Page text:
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Junior v. Anderson

United States Court of Appeals, Seventh Circuit

July 30, 2013

Uvion Junior, Plaintiff-Appellant,
Summer Anderson, Defendant-Appellee.

Argued June 6, 2013

Appeal from the United States District Court for the Northern District of Illinois, Eastern Division. No. 09 c 813—Marvin E. Aspen, Judge.

Before Posner, Rovner, and Wood, Circuit Judges.

Posner, Circuit Judge.

The plaintiff, a pretrial detainee in a maximum-security tier of the Cook County Jail in Chicago, brought suit under 42 U.S.C. § 1983 against a guard (against others as well, but he doesn't challenge the district judge's dismissal of them), Anderson, who he claims failed to protect him from an attack by other inmates. The district judge granted summary judgment in favor of Anderson. The plaintiff challenges that ruling and also the judge's anterior refusal to request assistance of counsel for the plaintiff.

Construed as favorably to the plaintiff as the record permits, the facts pertinent to his case are as follows:

The plaintiff's tier consisted of 19 double-occupancy cells, containing therefore a total of 38 prisoners. We don't know how many of them were pretrial detainees and how many were serving sentences, so we'll refer to all of them simply as prisoners. Apparently the cells were arrayed in two rows, one of 10 cells and one of 9, facing each other. The prisoners were allowed to spend some time each day out of their cells, in a dayroom that had a television set. But in order to minimize "detainee incidents, " only the prisoners in one row of cells were allowed to be in the dayroom at the same time; the other prisoners remained locked in their cells until it was their turn to visit the dayroom. So instead of 38 prisoners milling about in the dayroom at the same time, at most 20 were permitted to be there.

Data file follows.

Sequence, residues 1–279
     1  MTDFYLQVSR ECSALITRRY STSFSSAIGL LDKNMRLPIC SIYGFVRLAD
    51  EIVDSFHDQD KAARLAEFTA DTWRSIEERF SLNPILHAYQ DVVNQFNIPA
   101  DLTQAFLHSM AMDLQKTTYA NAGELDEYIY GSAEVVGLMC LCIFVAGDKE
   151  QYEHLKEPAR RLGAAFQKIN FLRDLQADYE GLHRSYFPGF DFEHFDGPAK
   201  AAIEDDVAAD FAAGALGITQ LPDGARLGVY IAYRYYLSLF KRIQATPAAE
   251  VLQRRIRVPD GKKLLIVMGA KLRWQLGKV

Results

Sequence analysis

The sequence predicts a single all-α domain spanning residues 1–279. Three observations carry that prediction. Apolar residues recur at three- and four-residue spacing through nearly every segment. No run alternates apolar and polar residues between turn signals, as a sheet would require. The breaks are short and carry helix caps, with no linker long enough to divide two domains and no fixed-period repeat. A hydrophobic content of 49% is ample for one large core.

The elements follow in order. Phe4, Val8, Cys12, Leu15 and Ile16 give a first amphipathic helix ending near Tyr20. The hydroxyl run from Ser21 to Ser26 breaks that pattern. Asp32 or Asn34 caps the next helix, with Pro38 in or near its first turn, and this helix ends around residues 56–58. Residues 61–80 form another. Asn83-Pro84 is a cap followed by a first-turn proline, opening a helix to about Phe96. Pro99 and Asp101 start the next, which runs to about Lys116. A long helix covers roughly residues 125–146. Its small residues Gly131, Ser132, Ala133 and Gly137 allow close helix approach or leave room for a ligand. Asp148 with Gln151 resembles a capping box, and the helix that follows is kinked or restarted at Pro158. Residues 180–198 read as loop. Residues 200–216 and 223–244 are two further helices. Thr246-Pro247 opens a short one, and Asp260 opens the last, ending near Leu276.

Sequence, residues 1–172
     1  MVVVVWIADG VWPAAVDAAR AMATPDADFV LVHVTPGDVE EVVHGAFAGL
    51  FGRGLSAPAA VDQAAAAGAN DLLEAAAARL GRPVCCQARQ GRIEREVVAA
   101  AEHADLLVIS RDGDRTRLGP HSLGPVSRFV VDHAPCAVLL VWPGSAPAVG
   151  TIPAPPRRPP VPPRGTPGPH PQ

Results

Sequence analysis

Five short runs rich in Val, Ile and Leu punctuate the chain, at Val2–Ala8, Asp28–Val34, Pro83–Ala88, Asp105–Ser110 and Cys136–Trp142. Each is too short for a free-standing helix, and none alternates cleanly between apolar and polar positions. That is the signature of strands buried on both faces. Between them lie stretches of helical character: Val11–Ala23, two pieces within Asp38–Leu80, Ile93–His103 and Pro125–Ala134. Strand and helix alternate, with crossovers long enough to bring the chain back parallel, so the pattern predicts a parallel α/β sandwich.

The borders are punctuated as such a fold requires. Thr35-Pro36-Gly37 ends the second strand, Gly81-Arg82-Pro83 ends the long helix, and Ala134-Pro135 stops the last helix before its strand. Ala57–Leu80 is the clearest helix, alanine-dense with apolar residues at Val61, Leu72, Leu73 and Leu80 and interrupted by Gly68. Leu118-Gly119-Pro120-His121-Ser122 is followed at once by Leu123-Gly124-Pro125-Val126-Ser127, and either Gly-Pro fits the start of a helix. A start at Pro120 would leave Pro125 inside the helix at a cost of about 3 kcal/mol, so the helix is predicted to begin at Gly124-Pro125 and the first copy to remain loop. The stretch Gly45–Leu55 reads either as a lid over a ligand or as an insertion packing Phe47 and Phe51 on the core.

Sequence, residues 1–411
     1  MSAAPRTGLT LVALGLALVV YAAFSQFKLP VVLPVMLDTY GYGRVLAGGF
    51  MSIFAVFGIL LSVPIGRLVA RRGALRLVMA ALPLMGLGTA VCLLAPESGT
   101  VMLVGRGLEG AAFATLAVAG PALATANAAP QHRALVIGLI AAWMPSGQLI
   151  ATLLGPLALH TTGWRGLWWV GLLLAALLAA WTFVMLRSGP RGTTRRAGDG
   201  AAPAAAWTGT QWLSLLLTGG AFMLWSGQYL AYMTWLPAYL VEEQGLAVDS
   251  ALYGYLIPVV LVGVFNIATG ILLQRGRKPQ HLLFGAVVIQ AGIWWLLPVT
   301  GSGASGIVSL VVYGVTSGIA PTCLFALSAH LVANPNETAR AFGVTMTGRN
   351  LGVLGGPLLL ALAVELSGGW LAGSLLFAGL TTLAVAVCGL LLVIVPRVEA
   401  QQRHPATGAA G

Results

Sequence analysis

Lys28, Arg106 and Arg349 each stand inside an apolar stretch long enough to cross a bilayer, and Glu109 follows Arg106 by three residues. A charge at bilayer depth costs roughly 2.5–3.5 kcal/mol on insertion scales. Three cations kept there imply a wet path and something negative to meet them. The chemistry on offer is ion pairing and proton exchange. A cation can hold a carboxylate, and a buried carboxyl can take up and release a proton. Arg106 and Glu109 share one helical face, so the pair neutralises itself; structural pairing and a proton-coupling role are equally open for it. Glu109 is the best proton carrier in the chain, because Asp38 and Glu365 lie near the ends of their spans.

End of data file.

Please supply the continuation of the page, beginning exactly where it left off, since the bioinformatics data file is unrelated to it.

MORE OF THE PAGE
On the day of the attack, defendant Anderson was the tier officer. She occupied a station, protected by bars, from which she could see the tier of cells with the corridor separating the two rows, and also the dayroom. (The record contains no diagram; that is one of many unfortunate omissions.) A control panel at her station indicated for each cell whether it was securely locked. Shortly after 3 p.m. (the beginning of her shift) she noticed that the control panel indicated that two of the occupied cells, one in each row, were not securely locked. She wrote "security risk" in her log but did nothing further, such as ask another guard to lock the cells.